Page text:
After high school, stuffed with classes steering him toward a math or science career, John moved to the beach and surfed for the better part of a dozen years, starting and finishing college between travels up and down the coast tracking waves. He put himself through school working in surf shops. After college, working as a teacher, John decided he needed some more college and a high school teaching job and returned to school. A vacation to the Pacific Northwest and a loaned camera caused a radical rethinking of what he had been doing. He had been working in art, he had been doing photography, but on this trip the camera allowed him to see in a fresh new way, to surrender to the world's illusion in a different way, and he liked that silver image.

Returning to school John concentrated on photo classes. At about this same time he began doing freelance work shooting for designers and fine artists, shooting commercial work and artists portfolios. John did a series of gum bichromates that were shown in gallery and university shows, but he was more interested in a developing series of black and white work. John's early heroes were in the work of R. Frank, W. Evans, Kertesz, and Lee Friedlander. After years of working in corporate, portrait and landscape photography he added Edgerton, Meatyard and Siskind to that list.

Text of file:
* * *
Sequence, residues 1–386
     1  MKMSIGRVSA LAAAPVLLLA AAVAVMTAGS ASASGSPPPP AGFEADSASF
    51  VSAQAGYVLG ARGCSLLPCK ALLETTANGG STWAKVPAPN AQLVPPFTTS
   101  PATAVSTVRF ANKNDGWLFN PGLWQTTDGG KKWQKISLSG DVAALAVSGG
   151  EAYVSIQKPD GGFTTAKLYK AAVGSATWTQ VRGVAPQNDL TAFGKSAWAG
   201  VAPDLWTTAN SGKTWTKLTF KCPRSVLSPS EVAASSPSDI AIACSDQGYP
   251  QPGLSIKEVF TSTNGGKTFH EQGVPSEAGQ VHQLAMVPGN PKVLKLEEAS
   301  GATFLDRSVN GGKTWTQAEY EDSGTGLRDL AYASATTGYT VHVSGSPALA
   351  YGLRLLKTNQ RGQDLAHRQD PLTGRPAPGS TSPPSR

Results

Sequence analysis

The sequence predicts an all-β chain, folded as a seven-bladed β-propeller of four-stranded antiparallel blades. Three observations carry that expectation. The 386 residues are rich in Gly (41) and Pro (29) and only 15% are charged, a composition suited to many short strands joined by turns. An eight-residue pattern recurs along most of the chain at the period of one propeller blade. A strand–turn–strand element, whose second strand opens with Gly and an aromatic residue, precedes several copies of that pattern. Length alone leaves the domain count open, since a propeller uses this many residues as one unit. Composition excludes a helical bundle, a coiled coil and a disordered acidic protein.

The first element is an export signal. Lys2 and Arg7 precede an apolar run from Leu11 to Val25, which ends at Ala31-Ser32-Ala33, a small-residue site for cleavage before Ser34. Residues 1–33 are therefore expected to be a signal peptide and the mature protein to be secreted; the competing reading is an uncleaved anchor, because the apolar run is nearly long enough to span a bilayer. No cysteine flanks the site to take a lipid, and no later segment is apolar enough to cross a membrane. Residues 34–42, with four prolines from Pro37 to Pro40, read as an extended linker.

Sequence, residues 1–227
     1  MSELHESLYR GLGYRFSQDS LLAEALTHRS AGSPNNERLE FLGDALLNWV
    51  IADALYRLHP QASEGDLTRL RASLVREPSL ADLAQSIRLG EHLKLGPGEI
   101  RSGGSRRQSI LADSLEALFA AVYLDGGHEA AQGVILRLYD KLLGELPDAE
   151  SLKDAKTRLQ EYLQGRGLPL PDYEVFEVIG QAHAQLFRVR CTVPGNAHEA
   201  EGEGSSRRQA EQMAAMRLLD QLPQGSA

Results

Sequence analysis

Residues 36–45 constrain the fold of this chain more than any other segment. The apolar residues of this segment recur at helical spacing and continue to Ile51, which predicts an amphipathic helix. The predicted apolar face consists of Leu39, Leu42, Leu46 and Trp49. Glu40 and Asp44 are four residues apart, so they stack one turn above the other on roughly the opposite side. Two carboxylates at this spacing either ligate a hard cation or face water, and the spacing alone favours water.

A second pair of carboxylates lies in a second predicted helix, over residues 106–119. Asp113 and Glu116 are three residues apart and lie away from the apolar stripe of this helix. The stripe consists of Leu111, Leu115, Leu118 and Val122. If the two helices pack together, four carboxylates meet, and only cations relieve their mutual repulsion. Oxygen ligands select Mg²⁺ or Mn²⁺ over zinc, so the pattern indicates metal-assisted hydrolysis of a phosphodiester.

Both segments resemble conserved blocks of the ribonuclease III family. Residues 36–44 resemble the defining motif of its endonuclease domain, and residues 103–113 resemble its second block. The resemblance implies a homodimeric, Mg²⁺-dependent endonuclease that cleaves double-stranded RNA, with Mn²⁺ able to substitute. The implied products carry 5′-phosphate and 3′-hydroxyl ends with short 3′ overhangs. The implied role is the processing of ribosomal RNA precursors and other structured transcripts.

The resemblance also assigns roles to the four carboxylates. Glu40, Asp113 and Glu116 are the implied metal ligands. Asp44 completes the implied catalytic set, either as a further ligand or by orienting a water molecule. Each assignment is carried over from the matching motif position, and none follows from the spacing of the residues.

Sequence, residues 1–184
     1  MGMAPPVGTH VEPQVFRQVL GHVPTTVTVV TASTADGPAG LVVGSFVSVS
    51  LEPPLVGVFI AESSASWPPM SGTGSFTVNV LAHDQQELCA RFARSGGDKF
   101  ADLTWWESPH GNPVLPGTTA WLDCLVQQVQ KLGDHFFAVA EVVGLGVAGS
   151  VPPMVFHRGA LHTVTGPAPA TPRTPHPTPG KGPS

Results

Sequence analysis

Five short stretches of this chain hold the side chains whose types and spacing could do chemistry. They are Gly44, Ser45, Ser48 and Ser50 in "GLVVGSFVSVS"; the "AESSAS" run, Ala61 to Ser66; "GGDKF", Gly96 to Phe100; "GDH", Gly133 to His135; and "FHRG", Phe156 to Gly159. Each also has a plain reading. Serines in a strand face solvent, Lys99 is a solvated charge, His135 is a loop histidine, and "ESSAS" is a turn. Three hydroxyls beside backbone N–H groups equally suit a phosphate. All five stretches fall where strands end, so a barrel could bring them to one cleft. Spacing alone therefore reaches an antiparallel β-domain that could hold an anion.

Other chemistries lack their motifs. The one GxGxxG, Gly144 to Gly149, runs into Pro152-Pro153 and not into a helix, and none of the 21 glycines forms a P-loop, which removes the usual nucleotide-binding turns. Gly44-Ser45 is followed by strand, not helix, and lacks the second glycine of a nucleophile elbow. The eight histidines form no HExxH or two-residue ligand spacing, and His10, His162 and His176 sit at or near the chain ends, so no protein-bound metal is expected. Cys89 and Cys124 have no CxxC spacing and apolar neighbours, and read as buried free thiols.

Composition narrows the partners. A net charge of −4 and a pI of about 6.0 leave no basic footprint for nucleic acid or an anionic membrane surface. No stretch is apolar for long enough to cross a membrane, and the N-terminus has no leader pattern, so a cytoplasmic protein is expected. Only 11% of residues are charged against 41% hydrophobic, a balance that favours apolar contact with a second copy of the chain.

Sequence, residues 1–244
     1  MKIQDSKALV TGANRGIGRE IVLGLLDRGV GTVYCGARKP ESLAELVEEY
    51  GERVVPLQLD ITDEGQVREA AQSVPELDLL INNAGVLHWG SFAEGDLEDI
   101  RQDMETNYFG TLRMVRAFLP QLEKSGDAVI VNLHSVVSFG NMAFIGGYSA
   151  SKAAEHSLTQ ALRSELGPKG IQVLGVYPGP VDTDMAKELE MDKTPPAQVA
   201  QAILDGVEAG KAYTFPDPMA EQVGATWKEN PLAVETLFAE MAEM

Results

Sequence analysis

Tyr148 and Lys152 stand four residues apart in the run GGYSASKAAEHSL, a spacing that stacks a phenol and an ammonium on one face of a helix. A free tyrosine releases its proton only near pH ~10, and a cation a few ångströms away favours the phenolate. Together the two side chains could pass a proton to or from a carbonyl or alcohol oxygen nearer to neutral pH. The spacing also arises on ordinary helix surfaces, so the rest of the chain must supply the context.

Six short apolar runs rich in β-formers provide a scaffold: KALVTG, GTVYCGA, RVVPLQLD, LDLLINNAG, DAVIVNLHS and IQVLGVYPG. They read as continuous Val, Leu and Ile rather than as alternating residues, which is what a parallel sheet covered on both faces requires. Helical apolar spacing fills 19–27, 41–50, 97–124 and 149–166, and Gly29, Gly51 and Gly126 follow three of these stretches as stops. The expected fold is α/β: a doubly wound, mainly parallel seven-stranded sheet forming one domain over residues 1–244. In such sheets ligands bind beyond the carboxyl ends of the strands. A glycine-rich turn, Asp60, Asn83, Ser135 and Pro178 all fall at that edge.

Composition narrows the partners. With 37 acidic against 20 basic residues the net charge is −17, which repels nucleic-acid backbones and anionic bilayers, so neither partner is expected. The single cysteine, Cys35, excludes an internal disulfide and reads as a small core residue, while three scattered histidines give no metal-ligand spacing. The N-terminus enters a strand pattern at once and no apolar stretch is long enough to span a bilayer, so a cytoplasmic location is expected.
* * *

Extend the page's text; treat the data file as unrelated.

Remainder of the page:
During this same period, some time ago, John began a constant dialogue with himself about vision and seeing. What of ultra short or very long exposures, producing images that had been inaccessible in human vision? Images and techniques that stretch or shrink perception, images that let in the wind and movement and images that keep the light measured in thousandths of a second, freezing the world. It is to this thought that he began customizing cameras to fit his changing vision.

These images reflect a continued evolving vision.

Thanks for looking.

Come back often. We'll leave the shutter open for you.